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  • Does "ousia" mean being? It only appears twice in Scripture in Luke 15:12-13 where the prodigal son received his portion of the father's "goods" and then wasted his "substance" in riotous living. Thayer's defines it simply as "what one has, i.e. property, possessions, estate". Nov 19 '21 at 13:06
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Nobody knows what the substance of God is. He exists outside our universe of time, space, and matter. Or rather, our universe exists somewhere in God. He gave the energy and wisdom that brought the universe into existence 13 billion years ago.

Angels are spirits, but they are still part of our universe. In that sense, their substance is still defined in terms of the “substances” of this universe. Perhaps their substances are energy waves or magnetic fields. Who knows? We will know one day. But my point is that the substance of God is completely different from even the spirit substance of the angels.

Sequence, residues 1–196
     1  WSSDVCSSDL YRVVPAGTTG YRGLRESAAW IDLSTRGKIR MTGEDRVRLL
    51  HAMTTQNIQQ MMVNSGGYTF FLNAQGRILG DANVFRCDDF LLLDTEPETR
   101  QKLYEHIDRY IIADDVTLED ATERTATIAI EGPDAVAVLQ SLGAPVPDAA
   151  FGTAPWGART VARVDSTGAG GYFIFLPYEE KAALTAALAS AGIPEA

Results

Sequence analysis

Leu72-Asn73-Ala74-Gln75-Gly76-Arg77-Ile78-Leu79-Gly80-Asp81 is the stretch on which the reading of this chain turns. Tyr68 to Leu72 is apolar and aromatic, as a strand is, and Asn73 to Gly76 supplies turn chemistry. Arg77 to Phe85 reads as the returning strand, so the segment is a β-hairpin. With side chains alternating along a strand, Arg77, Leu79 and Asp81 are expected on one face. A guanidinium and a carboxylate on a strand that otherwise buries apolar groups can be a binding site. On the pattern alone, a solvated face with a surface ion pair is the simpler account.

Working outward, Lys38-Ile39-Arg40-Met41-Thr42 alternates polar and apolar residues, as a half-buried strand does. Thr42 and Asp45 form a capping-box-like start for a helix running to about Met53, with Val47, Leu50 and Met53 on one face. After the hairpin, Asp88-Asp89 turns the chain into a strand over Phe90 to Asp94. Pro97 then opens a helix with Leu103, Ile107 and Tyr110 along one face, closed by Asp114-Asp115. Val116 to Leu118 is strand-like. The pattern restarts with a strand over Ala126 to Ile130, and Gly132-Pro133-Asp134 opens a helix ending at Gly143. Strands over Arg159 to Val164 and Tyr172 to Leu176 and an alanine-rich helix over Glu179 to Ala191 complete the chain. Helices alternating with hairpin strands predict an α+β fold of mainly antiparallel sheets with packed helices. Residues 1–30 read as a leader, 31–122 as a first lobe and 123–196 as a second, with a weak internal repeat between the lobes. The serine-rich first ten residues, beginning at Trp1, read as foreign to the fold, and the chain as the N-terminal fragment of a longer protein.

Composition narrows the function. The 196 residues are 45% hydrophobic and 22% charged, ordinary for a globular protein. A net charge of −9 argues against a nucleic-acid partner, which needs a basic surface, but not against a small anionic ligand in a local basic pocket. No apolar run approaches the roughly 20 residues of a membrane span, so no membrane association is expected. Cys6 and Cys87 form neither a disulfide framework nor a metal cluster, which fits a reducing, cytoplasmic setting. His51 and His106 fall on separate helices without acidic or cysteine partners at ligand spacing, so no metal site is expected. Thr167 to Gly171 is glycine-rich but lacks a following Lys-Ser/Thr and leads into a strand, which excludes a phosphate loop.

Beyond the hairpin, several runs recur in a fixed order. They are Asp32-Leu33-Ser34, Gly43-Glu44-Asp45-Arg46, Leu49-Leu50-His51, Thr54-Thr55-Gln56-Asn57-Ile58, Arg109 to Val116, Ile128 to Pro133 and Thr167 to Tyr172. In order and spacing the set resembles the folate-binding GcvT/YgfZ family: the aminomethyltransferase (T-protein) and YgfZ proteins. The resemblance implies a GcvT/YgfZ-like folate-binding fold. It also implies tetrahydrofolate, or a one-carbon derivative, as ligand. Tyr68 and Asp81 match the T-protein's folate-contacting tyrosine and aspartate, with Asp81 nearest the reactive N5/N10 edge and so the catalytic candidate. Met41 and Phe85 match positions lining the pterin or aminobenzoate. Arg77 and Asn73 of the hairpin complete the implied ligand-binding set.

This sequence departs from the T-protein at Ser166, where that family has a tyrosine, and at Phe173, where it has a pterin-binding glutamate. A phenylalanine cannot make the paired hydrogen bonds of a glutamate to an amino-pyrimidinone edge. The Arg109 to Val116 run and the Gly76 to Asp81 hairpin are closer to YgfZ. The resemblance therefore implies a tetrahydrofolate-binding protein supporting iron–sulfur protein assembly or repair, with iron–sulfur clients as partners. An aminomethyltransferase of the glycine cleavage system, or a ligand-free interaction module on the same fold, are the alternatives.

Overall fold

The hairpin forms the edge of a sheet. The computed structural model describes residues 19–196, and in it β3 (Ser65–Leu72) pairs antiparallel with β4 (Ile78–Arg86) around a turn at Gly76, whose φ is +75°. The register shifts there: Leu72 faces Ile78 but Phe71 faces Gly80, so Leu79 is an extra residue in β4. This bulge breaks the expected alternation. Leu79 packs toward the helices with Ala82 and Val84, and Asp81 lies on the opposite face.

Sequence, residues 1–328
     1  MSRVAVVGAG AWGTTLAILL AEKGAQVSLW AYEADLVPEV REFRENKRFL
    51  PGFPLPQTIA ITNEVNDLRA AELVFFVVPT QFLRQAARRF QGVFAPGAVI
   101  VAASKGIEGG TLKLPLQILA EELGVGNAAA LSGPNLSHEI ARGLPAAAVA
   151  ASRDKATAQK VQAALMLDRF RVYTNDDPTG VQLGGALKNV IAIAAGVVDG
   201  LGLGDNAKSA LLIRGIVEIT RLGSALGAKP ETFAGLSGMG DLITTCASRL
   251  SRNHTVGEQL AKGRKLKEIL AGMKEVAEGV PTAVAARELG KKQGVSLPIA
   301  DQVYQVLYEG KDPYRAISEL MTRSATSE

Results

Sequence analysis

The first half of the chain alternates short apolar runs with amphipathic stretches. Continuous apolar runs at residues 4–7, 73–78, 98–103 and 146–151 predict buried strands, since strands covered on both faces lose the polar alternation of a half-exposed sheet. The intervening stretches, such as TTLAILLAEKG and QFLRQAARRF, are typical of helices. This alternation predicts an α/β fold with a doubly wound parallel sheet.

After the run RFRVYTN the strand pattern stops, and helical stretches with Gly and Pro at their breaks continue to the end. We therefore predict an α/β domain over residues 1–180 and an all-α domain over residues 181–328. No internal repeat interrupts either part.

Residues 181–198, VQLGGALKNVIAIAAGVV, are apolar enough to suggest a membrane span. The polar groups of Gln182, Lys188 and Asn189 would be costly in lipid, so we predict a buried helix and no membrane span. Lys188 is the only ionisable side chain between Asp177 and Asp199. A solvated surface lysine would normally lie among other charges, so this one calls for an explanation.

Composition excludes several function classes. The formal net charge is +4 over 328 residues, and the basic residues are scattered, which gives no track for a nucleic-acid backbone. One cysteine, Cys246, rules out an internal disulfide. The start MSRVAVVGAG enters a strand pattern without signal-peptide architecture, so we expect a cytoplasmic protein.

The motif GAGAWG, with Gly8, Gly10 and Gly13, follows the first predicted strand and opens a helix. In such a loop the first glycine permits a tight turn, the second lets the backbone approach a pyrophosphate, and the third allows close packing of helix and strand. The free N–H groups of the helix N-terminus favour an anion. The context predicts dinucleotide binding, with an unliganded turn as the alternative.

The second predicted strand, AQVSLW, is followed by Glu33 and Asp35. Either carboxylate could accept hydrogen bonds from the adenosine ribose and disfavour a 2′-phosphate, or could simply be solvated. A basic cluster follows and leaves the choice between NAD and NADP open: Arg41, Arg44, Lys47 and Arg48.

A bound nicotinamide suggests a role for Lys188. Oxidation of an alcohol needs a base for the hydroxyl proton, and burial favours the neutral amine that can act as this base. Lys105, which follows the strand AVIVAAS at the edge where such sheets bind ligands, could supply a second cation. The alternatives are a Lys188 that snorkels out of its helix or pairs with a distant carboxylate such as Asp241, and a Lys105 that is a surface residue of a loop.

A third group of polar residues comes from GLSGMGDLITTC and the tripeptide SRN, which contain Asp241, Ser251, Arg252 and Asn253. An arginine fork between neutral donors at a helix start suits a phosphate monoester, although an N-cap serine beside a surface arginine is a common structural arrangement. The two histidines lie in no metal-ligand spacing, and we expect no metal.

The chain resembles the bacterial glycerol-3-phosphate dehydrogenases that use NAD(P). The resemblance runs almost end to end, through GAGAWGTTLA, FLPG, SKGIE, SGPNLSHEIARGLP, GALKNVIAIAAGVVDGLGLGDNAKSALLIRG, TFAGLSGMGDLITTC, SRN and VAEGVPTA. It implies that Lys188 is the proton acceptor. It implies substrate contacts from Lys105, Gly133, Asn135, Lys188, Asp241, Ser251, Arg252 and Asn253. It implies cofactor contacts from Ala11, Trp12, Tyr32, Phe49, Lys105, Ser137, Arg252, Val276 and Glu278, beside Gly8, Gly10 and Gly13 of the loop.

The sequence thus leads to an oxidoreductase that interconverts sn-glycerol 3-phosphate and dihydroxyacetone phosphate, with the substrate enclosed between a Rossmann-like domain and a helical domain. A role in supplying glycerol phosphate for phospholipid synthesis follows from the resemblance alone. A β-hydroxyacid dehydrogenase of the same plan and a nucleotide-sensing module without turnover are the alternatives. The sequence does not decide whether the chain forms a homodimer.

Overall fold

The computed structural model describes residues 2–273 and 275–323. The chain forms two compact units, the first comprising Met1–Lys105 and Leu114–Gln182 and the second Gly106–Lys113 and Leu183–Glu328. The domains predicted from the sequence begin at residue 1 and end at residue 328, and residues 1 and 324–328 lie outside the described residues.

The Bible says nothing about the substance of God, except perhaps Hebrews 1:3, which says that the Son is "the exact representation of" God's substance. But it seems as if Arius and his supporters, in the time before Nicaea (325), argued that the Son is of a different substance than the Father for the creed condemns all people that say that “the Son of God is of a different hypostasis or substance” (than the Father). In other words, Arius and his crowd argued for a substantive difference between the Father and the Son (pun intended).